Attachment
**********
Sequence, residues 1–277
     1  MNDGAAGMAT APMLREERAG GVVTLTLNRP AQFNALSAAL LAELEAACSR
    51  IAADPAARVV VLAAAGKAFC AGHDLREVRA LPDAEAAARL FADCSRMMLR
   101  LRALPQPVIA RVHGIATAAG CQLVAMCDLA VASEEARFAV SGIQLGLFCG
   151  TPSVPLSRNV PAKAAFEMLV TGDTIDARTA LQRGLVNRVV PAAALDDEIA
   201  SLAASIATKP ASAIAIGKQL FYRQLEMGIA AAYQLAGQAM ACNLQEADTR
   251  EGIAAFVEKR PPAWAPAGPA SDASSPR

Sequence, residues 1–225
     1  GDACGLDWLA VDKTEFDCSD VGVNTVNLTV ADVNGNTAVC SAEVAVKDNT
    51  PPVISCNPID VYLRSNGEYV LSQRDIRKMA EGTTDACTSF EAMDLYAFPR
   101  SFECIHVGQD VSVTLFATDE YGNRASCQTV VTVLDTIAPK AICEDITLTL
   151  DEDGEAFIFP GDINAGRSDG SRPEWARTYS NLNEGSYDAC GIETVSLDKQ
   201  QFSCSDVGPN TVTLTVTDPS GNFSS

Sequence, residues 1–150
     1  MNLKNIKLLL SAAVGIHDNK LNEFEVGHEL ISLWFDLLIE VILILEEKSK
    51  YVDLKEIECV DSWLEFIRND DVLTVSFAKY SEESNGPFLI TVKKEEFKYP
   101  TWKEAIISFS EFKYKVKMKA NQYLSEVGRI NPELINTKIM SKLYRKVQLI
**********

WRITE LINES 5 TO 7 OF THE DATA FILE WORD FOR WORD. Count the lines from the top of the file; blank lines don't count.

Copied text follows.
   151  TPSVPLSRNV PAKAAFEMLV TGDTIDARTA LQRGLVNRVV PAAALDDEIA
   201  SLAASIATKP ASAIAIGKQL FYRQLEMGIA AAYQLAGQAM ACNLQEADTR
   251  EGIAAFVEKR PPAWAPAGPA SDASSPR